The poet’s bio describes an interest in “feral alphabets, bird-mushroom confluences, tree music, and the function of poetry for the human microbiome.” I can’t find any of these topics in Here on Huron, really, but the description is at least a warning: this chapbook is wacky.Visual poems blend into each other, dissolve off the page. More ASCII art than verse, Michael Sikkema still tries to wrangle his word-images into form and narrative. “Split screen:” reads one untitled poem, “cloned secret hero views / secret hero through rifle scope, secret / hero stares at their own hands then a gutpile.” He closes: “gutpile zoom: tiny society evolving rapidly / writing, ag, cities, early stages of flight.” Making heads or tails of the revenge plot between “secret hero” and “cloned secret hero” is a fool’s errand. As Sikkema assures us in his “chorus,” “everything / is already / something else.” It’s as if he’s translated a damaged VHS into letters and punctuation. Some of the words make it through – less of the plot – so the dance becomes an incomplete, but steady corruption. An interesting read.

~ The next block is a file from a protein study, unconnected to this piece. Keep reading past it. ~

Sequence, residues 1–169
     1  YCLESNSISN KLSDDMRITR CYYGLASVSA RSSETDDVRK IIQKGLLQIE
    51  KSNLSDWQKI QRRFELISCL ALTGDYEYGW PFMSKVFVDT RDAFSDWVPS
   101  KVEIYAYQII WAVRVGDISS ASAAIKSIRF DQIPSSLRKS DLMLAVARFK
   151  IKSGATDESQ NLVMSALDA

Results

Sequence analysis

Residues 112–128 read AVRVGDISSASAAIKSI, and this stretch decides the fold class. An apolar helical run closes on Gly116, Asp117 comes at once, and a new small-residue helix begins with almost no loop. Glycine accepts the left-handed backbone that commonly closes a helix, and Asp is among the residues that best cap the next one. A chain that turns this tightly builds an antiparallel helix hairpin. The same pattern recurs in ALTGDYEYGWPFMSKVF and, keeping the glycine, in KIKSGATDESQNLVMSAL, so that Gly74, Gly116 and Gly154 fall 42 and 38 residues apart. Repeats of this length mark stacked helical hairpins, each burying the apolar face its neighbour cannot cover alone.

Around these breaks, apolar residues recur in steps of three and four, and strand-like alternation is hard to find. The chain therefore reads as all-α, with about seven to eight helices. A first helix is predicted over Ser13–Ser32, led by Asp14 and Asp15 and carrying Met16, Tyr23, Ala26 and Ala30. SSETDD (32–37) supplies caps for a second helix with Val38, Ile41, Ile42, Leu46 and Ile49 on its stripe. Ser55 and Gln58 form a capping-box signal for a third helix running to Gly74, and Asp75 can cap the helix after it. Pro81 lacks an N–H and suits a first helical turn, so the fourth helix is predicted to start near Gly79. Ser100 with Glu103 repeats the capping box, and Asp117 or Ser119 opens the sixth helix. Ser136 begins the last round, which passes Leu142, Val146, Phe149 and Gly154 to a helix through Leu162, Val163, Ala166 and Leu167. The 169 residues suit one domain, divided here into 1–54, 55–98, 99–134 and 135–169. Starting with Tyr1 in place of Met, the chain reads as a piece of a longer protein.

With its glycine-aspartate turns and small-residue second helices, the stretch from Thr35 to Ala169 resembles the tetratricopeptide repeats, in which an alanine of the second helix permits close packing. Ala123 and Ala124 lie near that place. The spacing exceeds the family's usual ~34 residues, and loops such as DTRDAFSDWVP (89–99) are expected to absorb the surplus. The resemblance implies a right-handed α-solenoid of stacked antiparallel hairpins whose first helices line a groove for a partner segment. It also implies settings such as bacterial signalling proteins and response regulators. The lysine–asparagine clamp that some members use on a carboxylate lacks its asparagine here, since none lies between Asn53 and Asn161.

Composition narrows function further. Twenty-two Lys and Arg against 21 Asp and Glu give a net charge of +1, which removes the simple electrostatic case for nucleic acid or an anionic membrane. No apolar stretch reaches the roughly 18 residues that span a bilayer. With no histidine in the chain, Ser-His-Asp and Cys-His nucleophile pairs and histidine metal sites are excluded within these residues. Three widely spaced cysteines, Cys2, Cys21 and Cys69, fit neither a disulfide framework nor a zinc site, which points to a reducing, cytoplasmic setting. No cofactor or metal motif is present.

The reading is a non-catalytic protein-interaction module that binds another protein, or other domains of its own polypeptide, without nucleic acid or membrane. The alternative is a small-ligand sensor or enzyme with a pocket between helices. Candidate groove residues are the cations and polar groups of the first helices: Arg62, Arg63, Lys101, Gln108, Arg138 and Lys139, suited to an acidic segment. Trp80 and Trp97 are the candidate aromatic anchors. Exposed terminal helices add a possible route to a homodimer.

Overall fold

Tuesday, August 25, 2020
Joel William Vaughan reviews Michael Sikkema’s Here on Huron (2019) in Broken Pencil #88
Joel William Vaughan was good enough to provide the first review of Michael Sikkema’s Here on Huron (2019) over at Broken Pencil. Thanks so much!